Tag Archives: California

Hospitality Industry Conference Update: “2015 CTSSA Fraud Conference”

The 2015 California Tourism Safety and Security Conference is being held Thursday, September 17, 2015 at the beautiful Island Hotel in Newport Beach, California.  This half day conference is centered around fraud4d30d4d05aa65b796643a506d93fc01a and forgery detection and prevention at your business. With subject matter experts instructing in hands-on, nuts and bolts training format, you will see first hand how criminals forge fraudulent credit cards, wash checks, and take advantage of your unsuspecting business.

Together with several California law enforcement, security, and tourism industry organizations, the Association plans and hosts the nation’s largest training conference dedicated to issues of safety & security for visitors and visitor venues.   The annual conference features timely new training topics each year, presented by experienced practitioners and subject matter experts.   Content and logistics are planned and coordinated by a committee of CTSSA volunteers, chaired by Dave Wiggins.

The event includes a full day of training, plus the Tech Expo which showcases emerging tools & technologies, as well as a keynote address, and hosted luncheon and cocktail reception.   The conference has been praised for its timely and relevant “nuts-n-bolts” training content, as well as its valuable networking opportunities.  The conference has been held at various locations throughout California.  Participants come from all across the United States.  Participation is by pre-registration, and is open only to qualified working professionals.

For more: http://bit.ly/1Mt3G6e

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Filed under Conferences, Hotel Industry, Management And Ownership, Risk Management, Theft

Hospitality Industry Legal Update: “Why Union Leaders Want L.A. to Give Them a Minimum Wage Loophole”

“Some see thinly veiled self-interest at work in labor’s quest for waivers in minimum wage laws. Glenn Spencer of the U.S. Chamber of Commerce said that Southern CaliforniaLA minimum wage in particular shows the potential benefits of such provisions for private-sector unions at a time when many are struggling to stanch long-term declines in membership”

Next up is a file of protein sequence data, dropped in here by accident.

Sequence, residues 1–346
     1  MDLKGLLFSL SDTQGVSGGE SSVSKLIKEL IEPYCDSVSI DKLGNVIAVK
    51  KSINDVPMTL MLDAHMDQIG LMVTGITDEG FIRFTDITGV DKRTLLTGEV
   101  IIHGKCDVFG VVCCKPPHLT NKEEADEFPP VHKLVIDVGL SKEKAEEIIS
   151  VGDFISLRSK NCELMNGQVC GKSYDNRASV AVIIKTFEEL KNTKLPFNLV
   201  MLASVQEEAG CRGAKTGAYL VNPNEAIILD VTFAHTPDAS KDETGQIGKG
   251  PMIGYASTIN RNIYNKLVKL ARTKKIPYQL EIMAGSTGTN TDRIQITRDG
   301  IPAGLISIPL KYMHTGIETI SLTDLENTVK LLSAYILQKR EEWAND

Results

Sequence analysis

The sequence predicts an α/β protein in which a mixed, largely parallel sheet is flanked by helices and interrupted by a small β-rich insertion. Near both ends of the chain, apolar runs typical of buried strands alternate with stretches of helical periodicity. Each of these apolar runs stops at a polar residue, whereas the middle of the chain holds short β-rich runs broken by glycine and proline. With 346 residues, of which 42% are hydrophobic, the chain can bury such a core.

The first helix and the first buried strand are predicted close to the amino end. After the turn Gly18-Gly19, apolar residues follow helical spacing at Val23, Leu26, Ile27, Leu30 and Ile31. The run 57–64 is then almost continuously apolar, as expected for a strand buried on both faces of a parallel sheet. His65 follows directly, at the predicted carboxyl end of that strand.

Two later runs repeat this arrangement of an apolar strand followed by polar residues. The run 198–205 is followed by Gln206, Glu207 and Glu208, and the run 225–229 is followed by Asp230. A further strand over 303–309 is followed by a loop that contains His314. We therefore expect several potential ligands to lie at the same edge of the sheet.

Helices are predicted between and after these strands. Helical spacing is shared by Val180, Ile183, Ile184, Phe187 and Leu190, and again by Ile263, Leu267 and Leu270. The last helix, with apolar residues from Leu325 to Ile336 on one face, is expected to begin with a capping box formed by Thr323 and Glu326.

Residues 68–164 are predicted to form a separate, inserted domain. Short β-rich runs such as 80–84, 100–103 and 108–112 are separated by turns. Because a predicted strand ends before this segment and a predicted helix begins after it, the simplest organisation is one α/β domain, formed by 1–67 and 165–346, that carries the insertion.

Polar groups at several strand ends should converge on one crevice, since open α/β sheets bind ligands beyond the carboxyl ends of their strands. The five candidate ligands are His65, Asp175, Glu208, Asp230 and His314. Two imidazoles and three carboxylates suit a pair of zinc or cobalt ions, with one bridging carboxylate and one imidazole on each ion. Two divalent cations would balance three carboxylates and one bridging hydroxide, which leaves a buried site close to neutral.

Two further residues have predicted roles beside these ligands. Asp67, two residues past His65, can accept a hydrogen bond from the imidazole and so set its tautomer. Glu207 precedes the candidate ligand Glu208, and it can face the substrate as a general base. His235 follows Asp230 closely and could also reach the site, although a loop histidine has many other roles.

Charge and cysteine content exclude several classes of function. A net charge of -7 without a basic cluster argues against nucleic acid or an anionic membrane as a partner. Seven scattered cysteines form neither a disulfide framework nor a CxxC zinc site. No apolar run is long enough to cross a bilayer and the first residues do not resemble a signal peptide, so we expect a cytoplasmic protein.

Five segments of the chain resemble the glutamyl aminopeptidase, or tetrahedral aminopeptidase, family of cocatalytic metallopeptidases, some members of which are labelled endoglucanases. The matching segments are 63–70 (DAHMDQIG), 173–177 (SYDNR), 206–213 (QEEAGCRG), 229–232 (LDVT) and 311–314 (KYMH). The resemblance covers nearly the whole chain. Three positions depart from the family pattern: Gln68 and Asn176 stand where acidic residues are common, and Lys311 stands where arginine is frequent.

One of the most divisive issues that Los Angeles City Council members expect to confront when they return this week from a summer recess will be a proposal by labor leaders to exempt unionized workers from the city’s new minimum wage.

The push for the loophole, which began in the final days before the law’s passage, caused a backlash rarely seen in this pro-union city and upended perceptions of labor’s role in the fight to raise pay for the working poor. Union activists were among the most stalwart backers of L.A.’s ordinance raising the wage to $15 by 2020, and argued against special consideration for nonprofits and small businesses.

Rusty Hicks, head of the Los Angeles County Federation of Labor, said the union waiver would be a routine protection against challenges to the ordinance under federal labor law. “This is about staying consistent with previous provisions and crafting something that will withstand legal scrutiny and delay,” Hicks said in May. In California, he added, “we’ve seen every city that has passed a minimum wage include this kind of a provision.”

A Times review of other cities’ minimum wage laws, as well as interviews with labor leaders and legal experts, suggests the truth is more complicated.

Guarantees that organized workers should be allowed to bargain for a subminimum wage appear to have scant legal justification, some experts said. They are not a universal feature of local wage ordinances, in California or other states. San Diego, the largest California city to raise its minimum wage in recent years before L.A., did not include such an exception.

For more: http://lat.ms/1OLyDlk

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Filed under Employee Benefits, Hotel Employees, Hotel Industry, Management And Ownership

Hospitality Industry Conference Update: “Northern California Hotel & Lodging Conference”

CH&LA and AAHOA have once again partnered to present the annual Northern California Hotel & Lodging Conference.  This year the event is moving back to the DoubleTree San Jose.  Each year this event gathers together over 300 hoteliers who enjoynorcal-button-highres the free educational seminars, updates on industry topics and to attend the trade show.

The show will include the usual abundance of networking opportunities, general session luncheon, and of course the trade show, the largest of its kind in Northern California.  Over 100 vendors will be eager to show off the latest industry products, many who offer special rates and discounts for this conference.  There will also be a reception in the trade show at 4:00 pm, with appetizers, soft drinks, no-host bar and lots of networking.

For more: http://bit.ly/1zkW1gW

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Filed under Conferences, Employee Practices, Hotel Industry, Insurance, Liability, Management And Ownership, Risk Management, Social Media, Technology, Training, Workers' Compensation

Hospitality Industry Conference Update: “Northern California Hotel & Lodging Conference”